Not long ago, we needed to hire a new manager for my Python team in New Relic’s product organization. As part of the hiring process, candidates interviewed with the engineers on the team. This post is about how I worked to make that manager-interview process as productive as possible.
As an engineer, I’ve never really known what to do in a manager interview. I’ve always just walked in and expected someone else on the team to ask all the questions. Later, I would offer a thumbs up or thumbs down on the candidate, solely based on my “feelings.” I didn’t want to do that this time around. I wanted to help hire the best possible manager for my team. So I developed a plan.
Focus on key topics
Working with my fellow engineer Allan Feldman, who would be in the interview with me, we created a shared document listing the four things that were most important to us in a manager for our team. Not the things we thought our director would like. Not the things we thought other teams would like. The things that were the most important to us as engineers.
- Support for innovation: We want the freedom to do the work we know is right for the product.
- Shared control: We want a manager who knows how to trust their engineers to get the work done.
- Respect: We want a manager who treats their team members well.
- Technical ability: We want our new manager to have a deep understanding of how the product works.
Develop questions for each topic
Next, we came up with questions designed to help us assess the candidates in each area.
Coming up with good questions for each area was surprisingly complicated. It was relatively easy to frame questions for the Respect category, for example, but harder to get at the Innovation issue. To make things come out even, we moved some questions around and slightly reworded them until we had at least three questions in each category.
We decided not to be shy and to go ahead and ask some weird and/or challenging questions. We recalled tough situations that had occurred on our team within the past few months (disagreements between team members, awkward interactions with our former manager, etc.). Then we transformed those experiences into questions we hoped would prime the candidates to describe how they would respond in similar situations. The questions included:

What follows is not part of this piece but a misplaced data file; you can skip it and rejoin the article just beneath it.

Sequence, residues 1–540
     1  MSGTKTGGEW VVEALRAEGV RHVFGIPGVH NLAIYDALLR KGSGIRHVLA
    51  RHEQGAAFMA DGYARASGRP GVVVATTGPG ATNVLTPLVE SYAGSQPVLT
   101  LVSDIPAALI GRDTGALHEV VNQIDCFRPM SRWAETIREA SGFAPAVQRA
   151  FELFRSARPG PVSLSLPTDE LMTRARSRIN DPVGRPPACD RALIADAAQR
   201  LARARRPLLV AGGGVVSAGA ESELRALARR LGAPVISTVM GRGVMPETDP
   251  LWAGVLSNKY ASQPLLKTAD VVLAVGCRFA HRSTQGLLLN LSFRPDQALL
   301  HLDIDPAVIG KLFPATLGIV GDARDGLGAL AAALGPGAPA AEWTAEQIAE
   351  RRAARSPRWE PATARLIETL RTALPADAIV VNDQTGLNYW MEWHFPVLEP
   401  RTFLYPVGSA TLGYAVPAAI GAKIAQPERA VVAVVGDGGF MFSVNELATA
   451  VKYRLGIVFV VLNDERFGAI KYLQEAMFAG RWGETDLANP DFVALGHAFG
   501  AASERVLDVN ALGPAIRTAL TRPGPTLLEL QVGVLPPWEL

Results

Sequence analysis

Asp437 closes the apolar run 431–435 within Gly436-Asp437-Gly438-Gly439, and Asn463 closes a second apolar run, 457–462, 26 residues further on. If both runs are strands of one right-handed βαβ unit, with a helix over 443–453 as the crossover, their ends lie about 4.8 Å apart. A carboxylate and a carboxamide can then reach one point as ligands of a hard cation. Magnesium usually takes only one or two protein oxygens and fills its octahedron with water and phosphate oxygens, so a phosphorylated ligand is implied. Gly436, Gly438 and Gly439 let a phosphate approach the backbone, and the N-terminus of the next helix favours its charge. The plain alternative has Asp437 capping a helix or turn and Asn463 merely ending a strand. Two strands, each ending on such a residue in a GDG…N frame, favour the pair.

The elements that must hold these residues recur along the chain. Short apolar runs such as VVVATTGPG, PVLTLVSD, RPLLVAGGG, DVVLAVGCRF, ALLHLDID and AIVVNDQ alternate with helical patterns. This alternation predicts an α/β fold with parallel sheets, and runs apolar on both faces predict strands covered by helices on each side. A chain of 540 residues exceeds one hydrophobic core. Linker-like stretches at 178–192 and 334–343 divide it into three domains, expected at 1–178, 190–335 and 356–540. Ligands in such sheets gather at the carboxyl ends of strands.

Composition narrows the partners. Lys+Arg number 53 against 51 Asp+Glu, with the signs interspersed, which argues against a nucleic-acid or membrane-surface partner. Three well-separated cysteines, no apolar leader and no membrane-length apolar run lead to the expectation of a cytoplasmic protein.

- How do you define the role of a manager on an engineering team? (We were looking for a manager who would be a facilitator and not interfere with the team’s ability to deliver.)
- Describe a time when you were surprised by the work one of your reports did and how they spent their time. How did you respond? (It is important to our team to be able to respond to work of opportunity quickly. We want this to be okay with our manager. We want recognition for this work.)
- When a problem arises on the team, how do you decide at what point to step in and address it? (Last month, the team got into a disagreement about a pull request. It was important to us to know how a manager would handle these kinds of situations.)
- Describe a time when you and one of your reports disagreed on priorities. How did you handle the situation? (We wanted to know if the manager strong-armed reports into doing what they said.)
- Tell us about a time when you put a great deal of trust in your team. (Isn’t this what it’s all about every day?)
- What made you interested in moving into management? (We were looking for managers who were invested in the role of managing development teams.)
- When you join a new team, how do you like to learn the product? (Ideally, managers should take an interest in the product and make an attempt to use it.)
Finally, in preparation for the interviews, Allan and I divided the categories between the two of us. We each took separate notes.